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Japanese Demon Lore: Oni from Ancient Times to the Present 1st Edition Edition

1 customer review
ISBN-13: 978-0874217933
ISBN-10: 0874217938
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Editorial Reviews


As Noriko Reider eloquently shows in this volume, oni let us have a glimpse at how the Japanese imagine their world in its relation with the outside, continually reinterpreted according to the change of times. They help people to come to terms with the other.
—Peter Knecht, editor of Asian Folklore Studies

"Well researched and written, this book would work well in the classroom for looking at Japanese folk religion and contemporary pop culture."
—Mark MacWilliams, Religious Studies Review


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Product Details

  • Hardcover: 208 pages
  • Publisher: Utah State University Press; 1st Edition edition (September 30, 2010)
  • Language: English
  • ISBN-10: 0874217938
  • ISBN-13: 978-0874217933
  • Product Dimensions: 6 x 1 x 9 inches
  • Shipping Weight: 1.3 pounds
  • Average Customer Review: 5.0 out of 5 stars  See all reviews (1 customer review)
  • Amazon Best Sellers Rank: #1,862,351 in Books (See Top 100 in Books)

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12 of 12 people found the following review helpful By Zack Davisson HALL OF FAMETOP 500 REVIEWERVINE VOICE on May 21, 2011
Format: Hardcover
One of the oni's supernatural powers is shape-changing, and that is entirely appropriate for a creature that has transformed so completely across the centuries. From a powerful, invisible entity worshiped as a god, to one of many of Japan's assortment of monsters known as yokai, to the sexy and frivolous Lum from the popular series Urusei Yatsura, and to an emotional children's book character in "The Red Oni who Cried;" the oni has played many roles in Japanese society.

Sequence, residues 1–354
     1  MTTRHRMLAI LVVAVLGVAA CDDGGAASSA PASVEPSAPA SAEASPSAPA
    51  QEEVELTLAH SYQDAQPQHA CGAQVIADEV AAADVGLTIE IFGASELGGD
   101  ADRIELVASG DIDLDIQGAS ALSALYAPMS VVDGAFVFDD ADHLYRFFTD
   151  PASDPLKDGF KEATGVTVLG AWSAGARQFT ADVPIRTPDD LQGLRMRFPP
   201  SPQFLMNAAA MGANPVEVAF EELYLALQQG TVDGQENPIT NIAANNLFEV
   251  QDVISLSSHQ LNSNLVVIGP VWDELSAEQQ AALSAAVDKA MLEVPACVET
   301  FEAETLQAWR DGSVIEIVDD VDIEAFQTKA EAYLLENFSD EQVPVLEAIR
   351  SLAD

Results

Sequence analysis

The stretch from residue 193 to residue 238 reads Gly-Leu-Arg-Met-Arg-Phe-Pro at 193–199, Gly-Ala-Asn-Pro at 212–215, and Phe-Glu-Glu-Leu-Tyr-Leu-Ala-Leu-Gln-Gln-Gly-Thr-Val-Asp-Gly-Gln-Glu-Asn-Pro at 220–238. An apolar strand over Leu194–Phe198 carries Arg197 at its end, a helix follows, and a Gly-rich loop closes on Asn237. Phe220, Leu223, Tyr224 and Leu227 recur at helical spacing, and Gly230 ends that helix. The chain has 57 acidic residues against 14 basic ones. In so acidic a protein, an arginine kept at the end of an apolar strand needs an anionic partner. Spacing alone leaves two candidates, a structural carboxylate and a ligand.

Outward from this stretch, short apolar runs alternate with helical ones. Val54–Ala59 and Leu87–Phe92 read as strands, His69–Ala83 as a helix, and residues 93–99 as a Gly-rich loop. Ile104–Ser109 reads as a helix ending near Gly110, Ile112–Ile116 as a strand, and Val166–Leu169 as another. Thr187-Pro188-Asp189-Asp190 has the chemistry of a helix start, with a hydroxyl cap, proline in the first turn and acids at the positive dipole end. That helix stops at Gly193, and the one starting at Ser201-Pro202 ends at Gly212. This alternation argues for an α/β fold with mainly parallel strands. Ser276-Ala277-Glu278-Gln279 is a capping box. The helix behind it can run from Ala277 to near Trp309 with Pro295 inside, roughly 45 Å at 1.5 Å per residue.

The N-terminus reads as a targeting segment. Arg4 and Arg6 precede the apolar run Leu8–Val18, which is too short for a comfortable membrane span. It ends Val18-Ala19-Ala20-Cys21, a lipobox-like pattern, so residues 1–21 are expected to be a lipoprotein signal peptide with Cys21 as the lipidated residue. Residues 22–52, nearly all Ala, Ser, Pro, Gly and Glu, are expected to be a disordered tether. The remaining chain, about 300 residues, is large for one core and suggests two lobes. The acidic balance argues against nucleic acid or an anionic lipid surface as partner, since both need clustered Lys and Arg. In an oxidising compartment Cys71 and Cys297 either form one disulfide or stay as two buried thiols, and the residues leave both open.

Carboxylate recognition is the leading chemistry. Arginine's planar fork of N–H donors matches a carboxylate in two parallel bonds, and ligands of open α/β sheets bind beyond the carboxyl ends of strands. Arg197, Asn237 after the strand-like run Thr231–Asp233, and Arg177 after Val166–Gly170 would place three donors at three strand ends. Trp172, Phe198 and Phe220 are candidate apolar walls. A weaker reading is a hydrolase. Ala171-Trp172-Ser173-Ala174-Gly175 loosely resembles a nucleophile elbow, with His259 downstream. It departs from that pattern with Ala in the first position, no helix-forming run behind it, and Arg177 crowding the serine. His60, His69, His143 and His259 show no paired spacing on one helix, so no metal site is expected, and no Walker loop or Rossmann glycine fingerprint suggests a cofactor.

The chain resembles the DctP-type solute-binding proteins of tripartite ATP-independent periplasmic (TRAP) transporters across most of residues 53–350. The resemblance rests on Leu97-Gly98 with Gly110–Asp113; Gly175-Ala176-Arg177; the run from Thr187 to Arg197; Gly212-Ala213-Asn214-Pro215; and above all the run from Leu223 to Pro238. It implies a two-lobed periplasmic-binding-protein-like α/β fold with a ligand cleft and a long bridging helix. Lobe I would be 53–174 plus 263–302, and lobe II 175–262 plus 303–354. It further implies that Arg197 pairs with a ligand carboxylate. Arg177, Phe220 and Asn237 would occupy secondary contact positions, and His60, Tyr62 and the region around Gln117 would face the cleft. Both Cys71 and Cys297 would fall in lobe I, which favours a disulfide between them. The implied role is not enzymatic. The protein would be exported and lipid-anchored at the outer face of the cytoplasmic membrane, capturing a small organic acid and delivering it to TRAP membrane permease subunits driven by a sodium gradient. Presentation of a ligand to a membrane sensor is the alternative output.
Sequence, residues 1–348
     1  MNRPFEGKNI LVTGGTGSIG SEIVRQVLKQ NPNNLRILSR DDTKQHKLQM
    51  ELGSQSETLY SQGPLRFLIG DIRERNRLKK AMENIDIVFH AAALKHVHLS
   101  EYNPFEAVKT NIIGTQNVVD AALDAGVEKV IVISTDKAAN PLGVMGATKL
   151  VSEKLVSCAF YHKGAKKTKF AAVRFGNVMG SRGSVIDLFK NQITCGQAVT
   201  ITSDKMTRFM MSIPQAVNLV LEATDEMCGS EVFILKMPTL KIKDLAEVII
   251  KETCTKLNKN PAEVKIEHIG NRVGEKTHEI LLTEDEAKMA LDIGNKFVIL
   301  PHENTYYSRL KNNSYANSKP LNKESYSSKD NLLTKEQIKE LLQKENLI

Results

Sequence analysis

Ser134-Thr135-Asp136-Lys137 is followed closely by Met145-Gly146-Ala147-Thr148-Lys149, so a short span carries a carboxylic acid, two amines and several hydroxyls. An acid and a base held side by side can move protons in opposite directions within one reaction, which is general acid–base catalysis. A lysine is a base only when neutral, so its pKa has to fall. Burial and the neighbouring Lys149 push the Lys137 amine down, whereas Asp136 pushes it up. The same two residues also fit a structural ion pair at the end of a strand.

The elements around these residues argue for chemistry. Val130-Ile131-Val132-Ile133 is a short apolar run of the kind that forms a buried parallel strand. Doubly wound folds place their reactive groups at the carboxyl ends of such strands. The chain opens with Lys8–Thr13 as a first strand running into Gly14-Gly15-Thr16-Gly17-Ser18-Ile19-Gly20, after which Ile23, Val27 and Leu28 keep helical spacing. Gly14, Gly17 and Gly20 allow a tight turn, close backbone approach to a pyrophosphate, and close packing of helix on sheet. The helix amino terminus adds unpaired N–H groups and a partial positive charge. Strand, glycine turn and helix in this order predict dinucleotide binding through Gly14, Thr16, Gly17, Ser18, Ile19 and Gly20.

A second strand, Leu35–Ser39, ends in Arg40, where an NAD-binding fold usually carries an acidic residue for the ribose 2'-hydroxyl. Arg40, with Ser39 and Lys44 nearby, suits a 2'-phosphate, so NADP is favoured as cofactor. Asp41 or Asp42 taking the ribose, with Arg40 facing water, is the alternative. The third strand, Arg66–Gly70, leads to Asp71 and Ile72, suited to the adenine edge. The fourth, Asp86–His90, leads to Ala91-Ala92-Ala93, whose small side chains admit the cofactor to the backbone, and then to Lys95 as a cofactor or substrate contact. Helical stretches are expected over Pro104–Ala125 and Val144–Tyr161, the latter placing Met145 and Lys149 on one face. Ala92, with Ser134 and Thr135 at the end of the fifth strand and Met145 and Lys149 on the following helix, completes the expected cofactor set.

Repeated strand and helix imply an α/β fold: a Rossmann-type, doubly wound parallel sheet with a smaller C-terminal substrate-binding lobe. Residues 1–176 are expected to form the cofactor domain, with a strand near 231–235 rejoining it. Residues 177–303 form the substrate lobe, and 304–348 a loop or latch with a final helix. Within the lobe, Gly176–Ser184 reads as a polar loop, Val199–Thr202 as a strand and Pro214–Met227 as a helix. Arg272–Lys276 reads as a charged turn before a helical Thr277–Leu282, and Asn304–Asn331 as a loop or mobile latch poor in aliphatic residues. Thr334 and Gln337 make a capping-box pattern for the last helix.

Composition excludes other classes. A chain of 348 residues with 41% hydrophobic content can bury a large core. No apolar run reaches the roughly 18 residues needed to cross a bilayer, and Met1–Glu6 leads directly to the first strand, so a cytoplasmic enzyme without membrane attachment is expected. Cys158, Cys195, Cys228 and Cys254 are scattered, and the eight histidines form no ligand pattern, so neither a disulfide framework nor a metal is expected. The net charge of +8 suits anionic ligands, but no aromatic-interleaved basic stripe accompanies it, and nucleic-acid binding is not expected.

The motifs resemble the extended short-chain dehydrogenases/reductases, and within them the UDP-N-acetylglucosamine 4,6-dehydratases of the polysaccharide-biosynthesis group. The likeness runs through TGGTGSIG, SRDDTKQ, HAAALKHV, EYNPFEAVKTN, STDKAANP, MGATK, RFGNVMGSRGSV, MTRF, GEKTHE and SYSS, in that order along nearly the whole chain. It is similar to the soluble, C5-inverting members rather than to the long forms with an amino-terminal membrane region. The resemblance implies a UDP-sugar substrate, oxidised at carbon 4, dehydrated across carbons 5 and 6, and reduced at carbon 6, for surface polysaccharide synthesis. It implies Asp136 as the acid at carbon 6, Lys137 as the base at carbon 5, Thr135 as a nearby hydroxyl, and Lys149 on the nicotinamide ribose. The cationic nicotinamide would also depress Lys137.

Noriko Reider (Tales of the Supernatural in Early Modern Japan) takes us on a tour of the various masks the oni has worn over the story of Shuten Doji, and an exploration of female oni and the morphable mountain oni called yamauba, to oni in modern manga and anime. A few stories are looked into in detail, like the aforementioned Shuten Doji (of which Reider supplies a full translation as an appendix), and the legend of Sakata no Kintoki, also known as Kintaro the golden boy, who was raised by a yamauba. Reider looks at modern anime like Spirited Away and Inuyasha for a modern take on oni.

I have read several of these essays before, from the "Journal of Asian Folklore Studies." Noriko Reider is a prolific and interesting writer on Japanese folklore, and her works were a main resource when I did my own MA in Japanese folklore.
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